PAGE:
Clara often took charge of the finances and general household affairs due to Robert’s mental instability. Part of her responsibility included making money, which she did by giving concerts, although she continued to play throughout her life not only for the income, but because she was a concert artist by training and by nature.
Robert, while admiring her talent, wanted a traditional wife to bear children and make a happy home, which in his eyes and the eyes of society were in direct conflict with the life of a performer. Furthermore, while she loved touring, Robert hated it.
After Robert’s death (July 29, 1856), Clara devoted herself principally to the interpretation of his works. But when she first visited England in 1856, the critics received Robert’s music with a chorus of disapproval. She returned to London in 1865 and continued her visits annually, with the exception of four seasons, until 1882. She also appeared there each year from 1885 to 1888.
In 1878 she was appointed teacher of the piano at the Hoch Conservatory in Frankfurt am Main, a post she held until 1892, and in which she contributed greatly to the improvement of modern piano playing technique.
Clara played her last public concert in Frankfurt in March 1891. Five years later, on March 26, 1896, she suffered a stroke, dying on May 20, at age 77. She is buried at Bonn’s Alter Friedhof (Old Cemetery) with her husband.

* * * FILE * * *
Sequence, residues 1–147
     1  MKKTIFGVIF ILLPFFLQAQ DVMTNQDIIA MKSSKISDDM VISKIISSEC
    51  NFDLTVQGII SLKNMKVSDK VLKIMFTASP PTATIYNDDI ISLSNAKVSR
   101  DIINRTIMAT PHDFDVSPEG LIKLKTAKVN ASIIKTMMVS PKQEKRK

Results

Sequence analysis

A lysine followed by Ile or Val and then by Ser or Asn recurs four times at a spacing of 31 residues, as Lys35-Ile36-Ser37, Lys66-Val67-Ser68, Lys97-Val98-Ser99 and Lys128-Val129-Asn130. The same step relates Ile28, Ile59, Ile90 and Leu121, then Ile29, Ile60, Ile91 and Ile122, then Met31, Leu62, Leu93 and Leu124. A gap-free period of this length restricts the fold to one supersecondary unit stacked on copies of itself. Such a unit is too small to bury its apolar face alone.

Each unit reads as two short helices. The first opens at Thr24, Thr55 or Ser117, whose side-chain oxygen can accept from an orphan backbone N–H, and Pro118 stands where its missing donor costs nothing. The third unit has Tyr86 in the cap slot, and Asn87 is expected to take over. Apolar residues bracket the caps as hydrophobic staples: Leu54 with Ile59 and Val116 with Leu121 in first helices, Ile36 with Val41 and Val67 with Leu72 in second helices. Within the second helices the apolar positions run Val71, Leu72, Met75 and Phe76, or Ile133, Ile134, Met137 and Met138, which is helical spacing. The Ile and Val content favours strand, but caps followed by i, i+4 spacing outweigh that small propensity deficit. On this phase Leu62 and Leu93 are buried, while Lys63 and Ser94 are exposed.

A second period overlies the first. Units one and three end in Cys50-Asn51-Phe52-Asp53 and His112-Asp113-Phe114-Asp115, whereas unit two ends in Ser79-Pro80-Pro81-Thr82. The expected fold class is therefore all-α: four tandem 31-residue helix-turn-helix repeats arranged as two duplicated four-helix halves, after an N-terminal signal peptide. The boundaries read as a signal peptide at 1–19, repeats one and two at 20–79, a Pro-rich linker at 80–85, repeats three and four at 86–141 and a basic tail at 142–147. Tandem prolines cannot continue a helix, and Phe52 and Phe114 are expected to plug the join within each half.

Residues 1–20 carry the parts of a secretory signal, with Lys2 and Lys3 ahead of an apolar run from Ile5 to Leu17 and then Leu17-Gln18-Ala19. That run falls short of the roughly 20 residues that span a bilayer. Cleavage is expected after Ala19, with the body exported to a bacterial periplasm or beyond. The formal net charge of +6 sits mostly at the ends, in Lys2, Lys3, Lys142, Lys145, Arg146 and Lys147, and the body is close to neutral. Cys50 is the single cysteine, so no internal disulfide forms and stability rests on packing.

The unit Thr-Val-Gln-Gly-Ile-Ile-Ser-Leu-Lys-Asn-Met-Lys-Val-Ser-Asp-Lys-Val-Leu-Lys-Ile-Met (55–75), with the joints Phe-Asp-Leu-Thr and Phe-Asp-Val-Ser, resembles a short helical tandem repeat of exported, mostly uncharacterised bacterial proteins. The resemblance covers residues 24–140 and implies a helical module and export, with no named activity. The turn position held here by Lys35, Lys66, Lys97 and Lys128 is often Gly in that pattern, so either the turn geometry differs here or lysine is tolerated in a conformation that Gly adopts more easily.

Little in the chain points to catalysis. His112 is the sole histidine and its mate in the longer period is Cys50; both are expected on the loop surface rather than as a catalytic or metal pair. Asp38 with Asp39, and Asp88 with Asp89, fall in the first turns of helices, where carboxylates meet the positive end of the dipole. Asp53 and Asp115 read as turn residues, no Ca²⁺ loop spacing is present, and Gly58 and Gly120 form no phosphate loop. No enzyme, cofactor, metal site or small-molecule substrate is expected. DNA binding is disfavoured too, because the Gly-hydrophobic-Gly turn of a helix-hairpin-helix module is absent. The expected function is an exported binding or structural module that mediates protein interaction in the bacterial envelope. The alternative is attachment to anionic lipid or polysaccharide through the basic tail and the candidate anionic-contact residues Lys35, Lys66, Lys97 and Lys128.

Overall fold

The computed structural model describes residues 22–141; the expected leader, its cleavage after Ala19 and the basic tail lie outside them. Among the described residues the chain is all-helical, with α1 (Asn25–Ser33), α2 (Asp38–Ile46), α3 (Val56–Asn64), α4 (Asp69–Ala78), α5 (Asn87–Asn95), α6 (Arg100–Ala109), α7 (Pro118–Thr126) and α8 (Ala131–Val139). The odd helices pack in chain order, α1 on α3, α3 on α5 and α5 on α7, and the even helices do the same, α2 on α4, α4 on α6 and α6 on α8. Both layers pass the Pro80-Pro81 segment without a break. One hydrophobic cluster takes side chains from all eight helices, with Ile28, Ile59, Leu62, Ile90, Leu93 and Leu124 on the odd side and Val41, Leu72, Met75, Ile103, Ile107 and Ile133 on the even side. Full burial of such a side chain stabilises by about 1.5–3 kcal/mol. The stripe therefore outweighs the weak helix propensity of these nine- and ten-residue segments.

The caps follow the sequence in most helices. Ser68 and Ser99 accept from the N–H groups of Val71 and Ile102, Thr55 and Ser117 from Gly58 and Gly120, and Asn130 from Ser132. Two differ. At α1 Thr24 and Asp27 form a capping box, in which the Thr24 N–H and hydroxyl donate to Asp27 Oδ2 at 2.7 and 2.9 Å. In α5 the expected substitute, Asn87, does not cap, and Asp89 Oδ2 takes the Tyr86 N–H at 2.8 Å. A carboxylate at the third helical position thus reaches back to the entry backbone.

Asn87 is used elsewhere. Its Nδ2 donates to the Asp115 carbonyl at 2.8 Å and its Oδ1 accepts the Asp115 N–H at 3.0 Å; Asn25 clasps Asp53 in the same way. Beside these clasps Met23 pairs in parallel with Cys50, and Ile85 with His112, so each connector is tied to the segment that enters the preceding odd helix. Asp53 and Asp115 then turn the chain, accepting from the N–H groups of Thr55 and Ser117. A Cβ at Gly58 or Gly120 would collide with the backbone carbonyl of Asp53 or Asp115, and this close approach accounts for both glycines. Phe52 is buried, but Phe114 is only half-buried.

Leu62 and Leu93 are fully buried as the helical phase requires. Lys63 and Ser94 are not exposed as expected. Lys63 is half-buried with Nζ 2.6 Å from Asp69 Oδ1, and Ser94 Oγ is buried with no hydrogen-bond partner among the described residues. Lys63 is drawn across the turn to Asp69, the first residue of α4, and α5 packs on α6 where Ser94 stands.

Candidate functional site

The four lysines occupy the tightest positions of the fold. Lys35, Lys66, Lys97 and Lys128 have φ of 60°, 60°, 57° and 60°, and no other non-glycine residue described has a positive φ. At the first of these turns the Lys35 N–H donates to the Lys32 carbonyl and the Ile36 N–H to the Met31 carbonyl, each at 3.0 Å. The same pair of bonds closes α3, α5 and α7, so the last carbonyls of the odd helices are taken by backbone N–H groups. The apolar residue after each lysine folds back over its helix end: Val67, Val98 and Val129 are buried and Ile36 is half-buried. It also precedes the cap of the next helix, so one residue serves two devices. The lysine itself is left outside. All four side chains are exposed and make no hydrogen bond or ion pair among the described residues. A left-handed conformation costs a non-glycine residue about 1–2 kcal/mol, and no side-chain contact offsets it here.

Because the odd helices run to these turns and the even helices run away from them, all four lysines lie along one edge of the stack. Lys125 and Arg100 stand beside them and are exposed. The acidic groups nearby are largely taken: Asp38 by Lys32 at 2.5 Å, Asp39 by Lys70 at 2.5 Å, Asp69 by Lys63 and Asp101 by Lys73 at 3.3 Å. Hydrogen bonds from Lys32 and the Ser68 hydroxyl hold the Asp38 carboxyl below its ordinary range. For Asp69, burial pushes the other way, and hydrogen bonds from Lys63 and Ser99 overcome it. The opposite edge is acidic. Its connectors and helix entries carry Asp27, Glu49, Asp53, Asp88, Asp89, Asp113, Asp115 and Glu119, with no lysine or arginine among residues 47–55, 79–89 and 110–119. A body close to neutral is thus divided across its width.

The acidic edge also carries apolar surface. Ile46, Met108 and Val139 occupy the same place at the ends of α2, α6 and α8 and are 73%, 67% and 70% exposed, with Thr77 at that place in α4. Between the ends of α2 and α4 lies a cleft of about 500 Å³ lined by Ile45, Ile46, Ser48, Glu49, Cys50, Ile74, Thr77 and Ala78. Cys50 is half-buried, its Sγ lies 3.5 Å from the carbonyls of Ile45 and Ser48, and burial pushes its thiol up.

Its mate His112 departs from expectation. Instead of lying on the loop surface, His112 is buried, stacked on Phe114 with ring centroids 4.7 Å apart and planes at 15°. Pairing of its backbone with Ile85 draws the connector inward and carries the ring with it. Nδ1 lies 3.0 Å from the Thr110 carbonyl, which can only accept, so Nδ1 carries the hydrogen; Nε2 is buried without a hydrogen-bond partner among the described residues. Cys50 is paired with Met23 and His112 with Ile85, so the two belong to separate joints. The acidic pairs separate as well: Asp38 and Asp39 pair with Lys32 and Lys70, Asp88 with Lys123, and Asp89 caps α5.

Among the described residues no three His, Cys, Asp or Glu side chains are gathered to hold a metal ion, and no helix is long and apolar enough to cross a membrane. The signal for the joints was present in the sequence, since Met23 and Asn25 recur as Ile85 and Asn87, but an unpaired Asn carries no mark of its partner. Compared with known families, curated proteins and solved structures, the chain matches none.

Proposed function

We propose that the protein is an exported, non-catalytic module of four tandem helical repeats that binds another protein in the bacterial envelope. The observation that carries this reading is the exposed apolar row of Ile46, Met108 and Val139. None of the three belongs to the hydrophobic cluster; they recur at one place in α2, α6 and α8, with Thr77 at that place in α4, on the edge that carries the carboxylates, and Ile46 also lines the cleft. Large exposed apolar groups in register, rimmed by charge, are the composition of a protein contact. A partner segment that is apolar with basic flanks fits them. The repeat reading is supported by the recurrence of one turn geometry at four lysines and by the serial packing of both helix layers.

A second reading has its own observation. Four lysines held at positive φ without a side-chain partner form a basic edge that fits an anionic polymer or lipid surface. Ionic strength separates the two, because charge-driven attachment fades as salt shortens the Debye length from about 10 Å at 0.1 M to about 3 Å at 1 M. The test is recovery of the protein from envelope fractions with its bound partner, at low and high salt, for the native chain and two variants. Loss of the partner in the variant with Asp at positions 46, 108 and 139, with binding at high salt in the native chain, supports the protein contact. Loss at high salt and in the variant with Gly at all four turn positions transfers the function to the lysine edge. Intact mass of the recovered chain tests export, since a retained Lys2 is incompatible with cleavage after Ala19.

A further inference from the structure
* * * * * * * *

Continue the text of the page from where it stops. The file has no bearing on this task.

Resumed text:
Clara Schumann was a woman of great character. She was the main breadwinner for her family through giving concerts and teaching, and she did most of the work of organizing her own concert tours. She refused to accept charity when a group of musicians offered to put on a benefit concert for her. In addition to raising her own large family, when one of her children became incapacitated, she took on responsibility for raising her grandchildren.
During a time of revolution in Dresden, she famously walked into the city through the front lines, defying a pack of armed men who confronted her, rescued her children, then walked back out of the city through the dangerous areas again.